Tri-ing the duathlon

I branched out this year and made an appearance at several duathlons. I really didn’t want to do it, but in speaking to my coach it was the right thing to do for my training. There’s a local venue next door, so I should take advantage of that and get my body tuned up for race season. After doing one, I ‘accidentally’ signed up for 2 more, also increasing my distances.

I did my first ever multisport event on Halloween 2011 back in Boston.  My friend Jay Glickman encouraged me to try a duathlon. I had started to think about doing a triathlon, my common phrase was ‘yeah, I’d like to do a triathlon’…although I never executed on it.  The thought of 3 sports was daunting, especially the swim.  I knew how to swim, but I didn’t know how to swim in a pool, or even competitively.

I’m not sure what possessed me to join Jay for this duathlon, but I finished. It hurt. I remember finishing the bike and then starting the run and the first mile was excruciating.  I stuck with it and finished. I’m sure there’s a photo somewhere of my feeble attempt. 

I can’t say I’ve ever warmed up to the idea of a duathlon but agreed that this year I would try new things.  I made sure there would not be rain and signed up for my first duathlon in 7 ½ years on the day. I chose the sprint distance because that seemed reasonable.  That basically meant I’d run for 5k, cycle for 20k then indulge in another 5k run. Sometimes with these events you just have fun and wing it.  I was really pleased on the day that there was no rain, but there was wind…a lot of it. I’m pretty sure I am allergic to wind, but I figured if I had a headwind it would mean I would have a tailwind too…woo hoo!

The goal for this ‘race’ was pacing.  I was under strict orders from my coach to pace smart and to not ‘over bake my cookie’…mmm cookies. I have worked hard on pacing within certain zones over the winter, so this was the first test of the season. My first and second run were about 2 seconds apart, which meant I was spot on with pacing!  I didn’t want to race fast; I was looking to race smart…which meant my coach was happy.  The bike was grim, a massive headwind and really my legs had not done enough winter racing to find the right pace.  I paced way too conservatively, but still made a decent time on the bike.  I ended up placing 4th fastest female on the bike despite the slow pacing.  Due to someone caught cheating, I ended up placing 8th female overall and 4th in my age group, not bad for my first race of the year.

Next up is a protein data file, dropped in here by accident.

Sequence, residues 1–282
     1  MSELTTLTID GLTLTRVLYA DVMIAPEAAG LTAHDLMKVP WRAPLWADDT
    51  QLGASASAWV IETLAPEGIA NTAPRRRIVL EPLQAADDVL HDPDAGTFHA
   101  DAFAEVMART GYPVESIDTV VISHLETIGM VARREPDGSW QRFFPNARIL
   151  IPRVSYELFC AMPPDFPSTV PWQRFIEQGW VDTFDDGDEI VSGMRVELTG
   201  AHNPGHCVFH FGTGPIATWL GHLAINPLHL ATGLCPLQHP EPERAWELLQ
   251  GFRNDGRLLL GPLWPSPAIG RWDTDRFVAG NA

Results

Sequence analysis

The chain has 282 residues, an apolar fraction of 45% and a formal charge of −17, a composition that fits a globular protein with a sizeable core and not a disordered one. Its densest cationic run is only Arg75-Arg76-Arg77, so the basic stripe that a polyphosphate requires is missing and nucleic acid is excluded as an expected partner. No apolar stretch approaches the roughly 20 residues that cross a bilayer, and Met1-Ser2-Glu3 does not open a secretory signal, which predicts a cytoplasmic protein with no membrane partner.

It was great to race with my clubmates that day, they were an inspiration and it gave me people to chase around the course:

After completing the first duathlon of the year, I entered the standard distance, because I’m a glutton for punishment. This day’s race included a 10k run, 40k bike and 5k run to finish it all off. While we lucked out on the day, there was a lot less wind, it was cold.  Starting your race with a run is great, it warms you up, but also gives you a false sense of clothing requirements for the bike.  In order to save time in transition, I wore what I needed for the bike during the run.  Again, the goal of this race was to pace smart and keep my cookie baking in check.

I didn’t start the day well and almost didn’t race.  I woke up with some stomach issues and had not slept well, not just that night, but for several weeks.  I felt absolutely horrible.  I made it to the start line by sheer automation, I couldn’t really think about how I felt, I just had to hold on.  Before the race started, a nice gentleman was chatting, and he was obviously nervous…but guess who found me halfway through the run? I was deep in my own head and this guy started pacing with me and wanted to chat…a lot.  I struggle to run and talk…so I just stopped talking and he just kept going.  About 65% of the way through the run my stomach turned and this guy was sitting on my shoulder.  In lieu of releasing the kraken on him, I maintained composure.  He took off trying to out pace and I just let him go.